Sticking Through Time: 100 Years of Flooring Adhesive Evolution to Now

It’s easy to take for granted the products and solutions we have today. Even something that seems as basic as adhesive has had years of research and technology poured into its development.

That’s what we’re going to dive into – how we got the adhesives we have today and practical tips for choosing the right one for a flooring project.

A century of innovation brought us the hardwood flooring adhesives we rely on today. Find out how we got here and our recommended products.

Where did flooring adhesives come from?

The first hardwood flooring adhesive used in the United States is generally credited to a product called “mastic.” It is difficult to know exactly what it was because many adhesive products at that time were classified as mastic. Centuries before, the earliest occurrence of mastic referred to products made from a gummy substance from mastic trees (Pistacia lentiscus), from the Mediterranean region. The term became synonymous with adhesives that derived from natural components like rubber, resins, casein (milk), and albumin (blood). These formulated glues were innovative, searching for the ideal for bonding wood products.

Mastics gained popularity due to their ability to provide a strong and durable bond, waterproofing, and their ease of use (especially true when asphalt entered the mix). Mastics significantly advanced hardwood installation by replacing previous methods of nailing or screwing flooring to the subfloor. Using mastic was so widespread that in 1936, the US Department of Labor included it in their description for “Floor-Layer Helper.”

In this 1936 US Department of Labor description of a “Floor-Layer Helper”, the duties include: “lay mastic flooring by preparing mastic for application, by rolling mastic after application.”

Twenty-five years later in a 1961 publication, Wood Floors for Dwellings, experts were still questioning the exact classification of mastic adhesives. The difficulty stemmed from the amount of asphalt, rubber, and resin compounds composing these adhesives. Experts then attempted to classify known mastic adhesives at that time into these sub-categories:

  • Asphalt base: hot-melt, cutback, and emulsion.
  • Rubber base: reclaimed solvent-type, synthetic solvent-type, and emulsion.
  • Asphalt-rubber base.
  • Miscellaneous special type.

The Rise of Cutback Adhesives

Only one of these gained notable popularity, the asphalt-based adhesive often referred to as “cutback.” Its extensive use started in the 1930’s and consisted of asphalt mixed with solvents. This make-up allowed it to be spread easily and then evaporate, leaving behind a sticky residue that bonded the hardwood flooring to the subfloor. Cutback asphalt offered good adhesion and moisture protection. It was popular until the 1970s, when concerns about its environmental impact and health hazards (associated with the solvents and often added asbestos) led to its gradual phase-out.

Following the decline of cutback asphalt, other adhesive formulations and technologies were developed and used for hardwood flooring installation. These non-asphalt products offered various benefits such as improved performance, faster curing times, and enhanced environmental friendliness. These products included alcohol-base, acrylic, urethane and polyurethane, and modified silane to name a few. The newer adhesive formulations quickly became the viable alternative for the flooring installer.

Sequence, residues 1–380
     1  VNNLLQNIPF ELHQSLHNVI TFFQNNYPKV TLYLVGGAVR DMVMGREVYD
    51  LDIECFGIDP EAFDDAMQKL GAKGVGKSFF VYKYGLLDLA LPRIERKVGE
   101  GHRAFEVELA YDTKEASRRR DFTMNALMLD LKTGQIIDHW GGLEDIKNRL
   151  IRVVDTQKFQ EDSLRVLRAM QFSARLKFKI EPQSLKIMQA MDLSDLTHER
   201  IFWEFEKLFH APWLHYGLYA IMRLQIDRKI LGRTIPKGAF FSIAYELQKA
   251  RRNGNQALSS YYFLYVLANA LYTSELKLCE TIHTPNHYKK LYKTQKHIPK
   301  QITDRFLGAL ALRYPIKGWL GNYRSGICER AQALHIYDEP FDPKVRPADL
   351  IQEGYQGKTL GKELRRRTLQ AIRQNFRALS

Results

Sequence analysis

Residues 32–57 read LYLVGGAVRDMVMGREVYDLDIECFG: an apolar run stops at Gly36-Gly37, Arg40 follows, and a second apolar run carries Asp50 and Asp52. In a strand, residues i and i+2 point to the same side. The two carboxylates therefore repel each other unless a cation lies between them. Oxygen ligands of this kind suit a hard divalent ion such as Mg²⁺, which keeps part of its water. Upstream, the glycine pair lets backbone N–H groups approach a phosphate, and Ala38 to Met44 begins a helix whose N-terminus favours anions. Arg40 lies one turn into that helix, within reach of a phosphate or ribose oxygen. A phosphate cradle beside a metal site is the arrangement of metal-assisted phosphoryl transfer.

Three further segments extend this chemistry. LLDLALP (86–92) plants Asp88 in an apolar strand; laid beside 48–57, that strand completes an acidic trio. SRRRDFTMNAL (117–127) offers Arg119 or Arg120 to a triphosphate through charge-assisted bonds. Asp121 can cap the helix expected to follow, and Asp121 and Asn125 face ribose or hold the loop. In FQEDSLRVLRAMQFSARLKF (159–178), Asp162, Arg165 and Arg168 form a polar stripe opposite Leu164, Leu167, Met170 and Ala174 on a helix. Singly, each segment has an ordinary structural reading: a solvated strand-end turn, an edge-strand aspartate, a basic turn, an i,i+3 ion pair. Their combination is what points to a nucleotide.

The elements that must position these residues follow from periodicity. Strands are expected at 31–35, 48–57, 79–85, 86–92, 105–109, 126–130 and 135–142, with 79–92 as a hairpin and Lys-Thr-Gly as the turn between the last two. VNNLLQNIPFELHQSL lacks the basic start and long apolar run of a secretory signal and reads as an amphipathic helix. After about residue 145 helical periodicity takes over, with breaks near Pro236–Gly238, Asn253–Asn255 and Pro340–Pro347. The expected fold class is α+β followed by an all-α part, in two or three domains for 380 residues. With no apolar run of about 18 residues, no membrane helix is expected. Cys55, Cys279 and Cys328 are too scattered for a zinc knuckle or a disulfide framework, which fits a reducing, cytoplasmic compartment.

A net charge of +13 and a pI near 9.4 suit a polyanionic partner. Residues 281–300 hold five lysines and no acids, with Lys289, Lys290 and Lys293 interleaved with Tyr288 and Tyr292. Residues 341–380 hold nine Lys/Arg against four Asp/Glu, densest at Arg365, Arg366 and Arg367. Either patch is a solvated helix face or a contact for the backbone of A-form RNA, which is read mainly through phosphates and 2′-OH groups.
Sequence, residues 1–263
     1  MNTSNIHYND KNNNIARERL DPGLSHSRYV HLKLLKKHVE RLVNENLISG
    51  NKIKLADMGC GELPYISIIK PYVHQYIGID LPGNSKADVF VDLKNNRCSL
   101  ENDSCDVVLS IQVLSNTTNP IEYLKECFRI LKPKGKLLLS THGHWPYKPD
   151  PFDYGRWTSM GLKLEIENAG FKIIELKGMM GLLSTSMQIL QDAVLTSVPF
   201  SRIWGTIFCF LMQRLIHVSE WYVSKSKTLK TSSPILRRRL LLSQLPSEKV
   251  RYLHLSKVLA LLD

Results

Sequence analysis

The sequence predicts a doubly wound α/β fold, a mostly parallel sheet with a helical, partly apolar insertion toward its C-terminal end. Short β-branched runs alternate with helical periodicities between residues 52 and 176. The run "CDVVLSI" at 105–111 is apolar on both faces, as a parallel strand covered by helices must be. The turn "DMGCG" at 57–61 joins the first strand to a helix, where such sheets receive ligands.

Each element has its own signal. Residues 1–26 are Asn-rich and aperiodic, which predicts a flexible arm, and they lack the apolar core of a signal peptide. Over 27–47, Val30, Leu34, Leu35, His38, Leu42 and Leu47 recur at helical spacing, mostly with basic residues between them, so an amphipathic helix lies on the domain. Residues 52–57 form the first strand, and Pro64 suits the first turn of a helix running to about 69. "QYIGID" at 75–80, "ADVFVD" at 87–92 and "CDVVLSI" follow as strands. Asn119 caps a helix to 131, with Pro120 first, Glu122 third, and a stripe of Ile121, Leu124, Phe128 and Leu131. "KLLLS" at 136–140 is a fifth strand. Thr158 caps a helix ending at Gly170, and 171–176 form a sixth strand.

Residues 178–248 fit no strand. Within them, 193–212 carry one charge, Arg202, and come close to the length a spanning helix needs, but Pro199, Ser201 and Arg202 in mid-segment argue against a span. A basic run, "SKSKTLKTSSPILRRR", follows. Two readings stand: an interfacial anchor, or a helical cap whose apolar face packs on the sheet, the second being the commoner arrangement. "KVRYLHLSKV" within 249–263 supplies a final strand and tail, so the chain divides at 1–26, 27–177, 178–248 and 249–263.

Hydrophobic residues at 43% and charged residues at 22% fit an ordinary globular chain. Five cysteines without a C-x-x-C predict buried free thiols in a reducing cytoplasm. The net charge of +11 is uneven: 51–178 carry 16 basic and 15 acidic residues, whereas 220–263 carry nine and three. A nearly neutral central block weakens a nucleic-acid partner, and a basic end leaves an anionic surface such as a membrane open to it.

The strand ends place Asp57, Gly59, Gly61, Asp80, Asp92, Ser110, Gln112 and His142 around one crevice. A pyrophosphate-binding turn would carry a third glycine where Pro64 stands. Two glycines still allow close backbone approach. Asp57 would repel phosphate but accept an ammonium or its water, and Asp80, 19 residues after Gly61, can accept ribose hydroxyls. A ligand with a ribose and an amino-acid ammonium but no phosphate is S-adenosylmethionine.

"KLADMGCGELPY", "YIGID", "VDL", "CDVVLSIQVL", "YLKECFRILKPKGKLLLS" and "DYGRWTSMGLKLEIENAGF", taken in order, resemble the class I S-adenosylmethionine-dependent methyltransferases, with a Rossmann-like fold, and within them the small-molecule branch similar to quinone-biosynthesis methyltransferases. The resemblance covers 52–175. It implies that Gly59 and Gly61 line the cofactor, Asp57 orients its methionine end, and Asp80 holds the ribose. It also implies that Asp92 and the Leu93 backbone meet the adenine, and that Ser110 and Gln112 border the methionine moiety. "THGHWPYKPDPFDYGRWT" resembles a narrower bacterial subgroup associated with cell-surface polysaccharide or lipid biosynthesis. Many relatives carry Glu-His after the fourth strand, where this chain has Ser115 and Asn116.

Timeline of Adhesives for US Market

  • Early 20th century: Mastic was a natural mostly rubber-based adhesive developed and introduced as the first hardwood flooring adhesive in the United States. It gained popularity for its strong and durable bond.
  • Mid-20th century: Cutback asphalt adhesives (also called mastic), made from asphalt mixed with solvents, became widely used for hardwood flooring installation. Offered good adhesion but are phased out later due to environmental and health concerns.
  • Late 20th century: Polyurethane adhesives emerge as a popular choice for hardwood flooring installation. These offer strong bonding, flexibility, and moisture resistance.
  • Late 20th to early 21st century: Acrylic adhesives become widely used for various flooring applications, including hardwood flooring. They offer versatility, ease of use, and compatibility with different flooring materials.
  • Early 21st century: Silane adhesives, such as Modified Silane adhesives, are developed and gain recognition. They combine the benefits of polyurethane and silicone adhesives, offering high initial tack, fast curing times, moisture proofing, and environmental friendliness.

Which brings us to today! There are numerous types of adhesives available for hardwood flooring installation, each with its own characteristics and suitability for specific job-site applications.

Let’s take a closer look!

Wakol MS 260 Hardwood Flooring adhesive
The modern hardwood flooring adhesives we use today, like Wakol MS 260, are designed to be easy to use, bond better and provide flexibility. When choosing an adhesive, make sure it’s designed for wood flooring and is also appropriate for your specific installation. Adhesives vary based on brand and what they’re made of. Keep reading for a quick guide to wood flooring glue available today.

Modern Day Flooring Adhesives

In the past 20 years, hardwood flooring adhesives have advanced significantly, with several options offering excellent performance. Here are a few types that have gained recognition for their quality and suitability for hardwood flooring installation:

  • Polyurethane-based adhesives have become popular due to their exceptional bonding strength, flexibility, and moisture resistance. They provide a strong and durable bond, making them suitable for various hardwood flooring applications.
  • Modified silane adhesives combine the benefits of polyurethane and silicone adhesives. They offer high initial tack, fast curing times, and good flexibility. Modified silane adhesives also have low VOC (volatile organic compound) emissions, making them more environmentally friendly. They also offer more moisture protection than other adhesive types.